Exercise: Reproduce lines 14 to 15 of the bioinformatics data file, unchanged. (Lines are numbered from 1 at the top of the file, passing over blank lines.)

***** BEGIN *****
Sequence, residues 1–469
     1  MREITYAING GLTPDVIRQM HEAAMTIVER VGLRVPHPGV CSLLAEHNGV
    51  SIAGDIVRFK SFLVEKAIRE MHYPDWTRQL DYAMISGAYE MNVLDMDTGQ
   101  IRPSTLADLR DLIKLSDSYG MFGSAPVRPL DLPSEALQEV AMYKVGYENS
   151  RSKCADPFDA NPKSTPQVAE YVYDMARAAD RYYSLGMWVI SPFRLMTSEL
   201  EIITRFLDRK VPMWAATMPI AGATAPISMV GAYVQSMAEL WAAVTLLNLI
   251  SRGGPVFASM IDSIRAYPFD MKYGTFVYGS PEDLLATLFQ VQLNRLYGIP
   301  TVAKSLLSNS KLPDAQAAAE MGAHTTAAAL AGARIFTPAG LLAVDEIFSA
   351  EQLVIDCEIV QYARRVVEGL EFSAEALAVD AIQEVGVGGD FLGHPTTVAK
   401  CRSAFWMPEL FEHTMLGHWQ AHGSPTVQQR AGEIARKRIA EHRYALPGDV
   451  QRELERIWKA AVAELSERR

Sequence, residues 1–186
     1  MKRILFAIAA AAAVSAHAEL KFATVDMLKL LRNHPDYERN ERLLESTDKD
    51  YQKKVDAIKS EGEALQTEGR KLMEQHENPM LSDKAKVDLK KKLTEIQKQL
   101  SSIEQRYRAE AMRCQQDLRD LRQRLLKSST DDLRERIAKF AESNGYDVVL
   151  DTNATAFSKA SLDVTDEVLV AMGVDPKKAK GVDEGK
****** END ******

    51  YQKKVDAIKS EGEALQTEGR KLMEQHENPM LSDKAKVDLK KKLTEIQKQL
   101  SSIEQRYRAE AMRCQQDLRD LRQRLLKSST DDLRERIAKF AESNGYDVVL